A young college professor with a drinking problem wakes up in jail one morning to find out that she hit and killed two Jehovah’s Witnesses in her driveway the night before. Patsy stops drinking in prison, and after she gets out she begins to rebuild her life. The guilt she feels about the accident contributes to many choices that she makes as she begins friendships and navigates romantic relationships.
The story began in an interesting spot. It picked up at the end of Patsy’s boozy years, and then extended beyond her time in prison – when she got out and was getting settled, it started to feel like the story wasn’t going anywhere. But I knew from the jacket flap that additional details would emerge about her accident. When all is said and done, it makes sense that it started and stopped where it did, but while reading it, it felt like the plot meandered.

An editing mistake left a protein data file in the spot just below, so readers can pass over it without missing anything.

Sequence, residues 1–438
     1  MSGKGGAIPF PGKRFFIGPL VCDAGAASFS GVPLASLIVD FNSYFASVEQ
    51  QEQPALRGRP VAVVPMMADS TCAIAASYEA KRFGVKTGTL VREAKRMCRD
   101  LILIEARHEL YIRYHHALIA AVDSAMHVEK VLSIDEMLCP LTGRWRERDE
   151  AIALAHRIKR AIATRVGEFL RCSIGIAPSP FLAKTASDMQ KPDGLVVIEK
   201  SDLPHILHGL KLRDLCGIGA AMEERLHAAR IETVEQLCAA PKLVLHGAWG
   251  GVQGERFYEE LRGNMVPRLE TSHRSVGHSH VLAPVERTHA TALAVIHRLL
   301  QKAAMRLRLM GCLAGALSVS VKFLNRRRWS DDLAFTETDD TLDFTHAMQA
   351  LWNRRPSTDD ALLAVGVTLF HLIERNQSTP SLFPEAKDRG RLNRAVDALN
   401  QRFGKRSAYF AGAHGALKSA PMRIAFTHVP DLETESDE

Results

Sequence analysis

I can’t decide how much I like Patsy. I actually have trouble reconciling Drunk Patsy with Professor Patsy. When we first meet her, in the first chapter of the book, she doesn’t come across as anything other than a party animal/train wreck who isn’t very bright and it’s hard to believe that she has an academic career. It’s also hard to believe it’s the same person that we meet later, sober. Anyhow, she is a bit of a martyr in parts of the book, denying herself certain pleasures because she wants to be responsible. I’m not saying she should have cheated on her husband necessarily, but…well. I question her choices. I think she made a rather calm and bland life for herself.
Guilt and responsibility are, of course, big themes in this book and not just in regards to the accident. There is lots of food for thought and discussion here, and I think this would be a great book group choice.
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